November 29, 2013
Wrapping up a faux-copyright dispute that could have been avoided with the exercise of a little prudence, toy company GoldieBlox issued an open letter to the Beastie Boys, essentially extending an olive branch.
In case you missed this little debacle, here’s a quick rundown:
GoldieBlox is a company that makes toys geared toward (no pun intended) encouraging young girls to take up an interest in engineering. As part of an ongoing, successful marketing strategy, the company produces short videos set to popular songs (with the lyrics modified in varying degrees).
For example, GoldieBlox released a video this summer entitled, “GoldieBlox Breaks into Toys R Us,” set to Queen’s “We are the Champions.” The video has over one million views.
But that number is nothing compared to the company’s most recent video, set to the Beastie Boys’ “Girls,” which saw several times as many views – at least, until the company removed the video as part of the aforementioned “olive branch” (as of the writing of this article, you can still view the video on Slate’s page).
The dispute between the Beastie Boys and GoldieBlox may have started at either one of two points, depending on your perspective.
To GoldieBlox, the legal fight started “last week, when [the Beastie Boys’] lawyers called [GoldieBlox] with threats that [the company] took very seriously.”
To the Beastie Boys, the dispute started when GoldieBlox sued the band seeking a declaratory judgment holding that the company’s use of “Girls” in its video is fair use and therefore not copyright infringement. According to the Beastie Boys, the so-called “threats” from their lawyers were nothing more than an inquiry into how and why the song had been used in the ad without permission.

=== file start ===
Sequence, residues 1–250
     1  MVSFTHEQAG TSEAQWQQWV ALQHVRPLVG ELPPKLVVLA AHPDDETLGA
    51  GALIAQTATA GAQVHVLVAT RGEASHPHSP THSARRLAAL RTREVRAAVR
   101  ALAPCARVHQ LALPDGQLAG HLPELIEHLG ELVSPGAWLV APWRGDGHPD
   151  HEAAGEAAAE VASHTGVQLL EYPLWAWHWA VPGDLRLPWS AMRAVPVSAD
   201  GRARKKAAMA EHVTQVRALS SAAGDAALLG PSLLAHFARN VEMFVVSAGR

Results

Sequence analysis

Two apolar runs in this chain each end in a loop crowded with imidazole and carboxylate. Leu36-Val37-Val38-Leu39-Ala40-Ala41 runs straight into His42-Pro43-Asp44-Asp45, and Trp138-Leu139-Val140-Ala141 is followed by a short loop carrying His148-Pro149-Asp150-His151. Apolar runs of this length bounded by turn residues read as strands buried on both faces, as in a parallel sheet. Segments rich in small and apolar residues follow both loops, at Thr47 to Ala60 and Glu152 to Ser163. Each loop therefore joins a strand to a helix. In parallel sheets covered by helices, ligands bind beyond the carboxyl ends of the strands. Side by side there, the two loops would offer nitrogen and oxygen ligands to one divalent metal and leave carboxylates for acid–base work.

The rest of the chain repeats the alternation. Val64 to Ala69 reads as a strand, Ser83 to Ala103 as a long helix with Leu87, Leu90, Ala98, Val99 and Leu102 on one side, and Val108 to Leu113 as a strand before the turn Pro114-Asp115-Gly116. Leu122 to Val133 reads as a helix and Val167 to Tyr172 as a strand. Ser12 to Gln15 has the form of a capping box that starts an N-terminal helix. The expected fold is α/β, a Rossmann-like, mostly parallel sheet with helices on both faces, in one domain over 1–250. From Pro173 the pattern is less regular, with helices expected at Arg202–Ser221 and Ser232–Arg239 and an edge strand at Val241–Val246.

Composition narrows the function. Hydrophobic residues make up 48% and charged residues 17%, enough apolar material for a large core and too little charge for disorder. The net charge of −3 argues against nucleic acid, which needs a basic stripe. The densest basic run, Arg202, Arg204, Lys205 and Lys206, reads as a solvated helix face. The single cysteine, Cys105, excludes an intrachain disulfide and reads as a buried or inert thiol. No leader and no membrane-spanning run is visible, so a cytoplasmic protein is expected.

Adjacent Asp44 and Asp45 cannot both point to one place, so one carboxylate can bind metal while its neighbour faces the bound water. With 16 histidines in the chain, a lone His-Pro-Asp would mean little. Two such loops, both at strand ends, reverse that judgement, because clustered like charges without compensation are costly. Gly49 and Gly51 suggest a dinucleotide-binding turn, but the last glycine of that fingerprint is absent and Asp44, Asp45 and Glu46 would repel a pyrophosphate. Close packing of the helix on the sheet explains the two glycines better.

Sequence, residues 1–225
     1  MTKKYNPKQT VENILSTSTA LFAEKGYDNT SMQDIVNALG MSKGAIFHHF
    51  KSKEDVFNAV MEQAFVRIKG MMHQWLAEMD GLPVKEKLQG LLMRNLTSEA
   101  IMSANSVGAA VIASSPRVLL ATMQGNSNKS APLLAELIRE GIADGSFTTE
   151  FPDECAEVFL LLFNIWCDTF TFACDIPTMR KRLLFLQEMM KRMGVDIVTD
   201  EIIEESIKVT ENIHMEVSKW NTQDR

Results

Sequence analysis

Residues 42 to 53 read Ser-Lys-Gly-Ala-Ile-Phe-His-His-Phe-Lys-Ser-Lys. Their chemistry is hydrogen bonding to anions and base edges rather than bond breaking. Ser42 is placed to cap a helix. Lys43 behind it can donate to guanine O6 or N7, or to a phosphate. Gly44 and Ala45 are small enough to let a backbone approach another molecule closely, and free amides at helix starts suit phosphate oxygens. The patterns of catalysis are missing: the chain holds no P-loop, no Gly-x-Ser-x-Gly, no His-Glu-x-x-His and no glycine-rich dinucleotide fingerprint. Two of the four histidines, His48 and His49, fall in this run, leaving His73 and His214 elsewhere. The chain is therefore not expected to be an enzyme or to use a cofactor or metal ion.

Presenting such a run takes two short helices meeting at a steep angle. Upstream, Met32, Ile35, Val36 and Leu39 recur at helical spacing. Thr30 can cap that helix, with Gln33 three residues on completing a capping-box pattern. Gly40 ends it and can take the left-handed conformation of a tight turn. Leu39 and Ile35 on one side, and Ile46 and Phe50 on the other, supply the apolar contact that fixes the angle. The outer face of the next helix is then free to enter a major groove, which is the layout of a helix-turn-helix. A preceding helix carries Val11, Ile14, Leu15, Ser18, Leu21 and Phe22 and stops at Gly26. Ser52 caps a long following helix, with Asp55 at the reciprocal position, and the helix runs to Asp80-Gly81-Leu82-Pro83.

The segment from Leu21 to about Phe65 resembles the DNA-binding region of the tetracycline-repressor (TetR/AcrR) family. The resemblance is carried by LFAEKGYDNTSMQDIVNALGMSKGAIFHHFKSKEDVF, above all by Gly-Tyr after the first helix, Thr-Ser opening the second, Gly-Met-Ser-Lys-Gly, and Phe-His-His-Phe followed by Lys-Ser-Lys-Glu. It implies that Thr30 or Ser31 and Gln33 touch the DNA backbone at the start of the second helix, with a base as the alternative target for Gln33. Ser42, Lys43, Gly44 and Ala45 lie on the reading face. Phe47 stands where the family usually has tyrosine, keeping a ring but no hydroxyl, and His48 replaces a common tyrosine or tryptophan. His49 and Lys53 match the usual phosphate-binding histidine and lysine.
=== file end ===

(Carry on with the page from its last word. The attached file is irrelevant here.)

To their credit, the Beastie Boys have a long history of supporting fair use.
Why, then, did they even raise an eyebrow when this video was released? Because the band also has a long history of refusing to allow their “music and/or name to be used in product ads.”
And, regardless of the uplifting message conveyed by the video – that young girls should not be confined to playing with stereotypical girl toys – its primary purpose is to sell a product.
The Beastie Boys have been on the negative side of the publicity surrounding this spat, at least when it was initially reported. Media outlets framed this dispute as a David and Goliath tale, with GoldieBlox as a small, up-and-coming startup just trying to defend itself from the musical giant that is the Beastie Boys.
What’s further of note is the focus that many news reports gave to the song’s original lyrics, which, to those unfamiliar with the Beastie Boys or the song “Girls” itself, seems terribly misogynist. The song itself is a parodic slam against misogynist hip-hop culture, and the Beastie Boys themselves have repeatedly spoken out publicly for women’s rights.
In fact, after bandmember Adam Yauch’s death last year, articles about his feminist legacy cropped up across the web.
Speaking of Adam Yauch’s death, GoldieBlox’s reason for taking down the video in question is because “the late, great Adam Yauch had requested in his will that the Beastie Boys songs never be used in advertising.”
Despite GoldieBlox CEO Debbie Sterling and “Team GoldieBlox” being “huge fans” of the Beastie Boys, they “were completely unaware” of this little fact before they dumped countless hours into producing the video.
According to Reuters blogger Felix Salmon, GoldieBlox’s hyper-aggressiveness is part of a strategy to convince potential investors that it’s ready for the big time.
I’m not now, nor have I ever been, the CEO of a startup Silicon Valley company, so I can’t speak to the efficacy of such tactics.
However, I can’t imagine that either the Beastie Boys’ or GoldieBlox’s respective public images will come out of this quarrel unblemished, so, as I suggested at the beginning of this piece, it may behoove these and other parties similarly situated to exercise a bit of prudence before making public statements or taking legal action.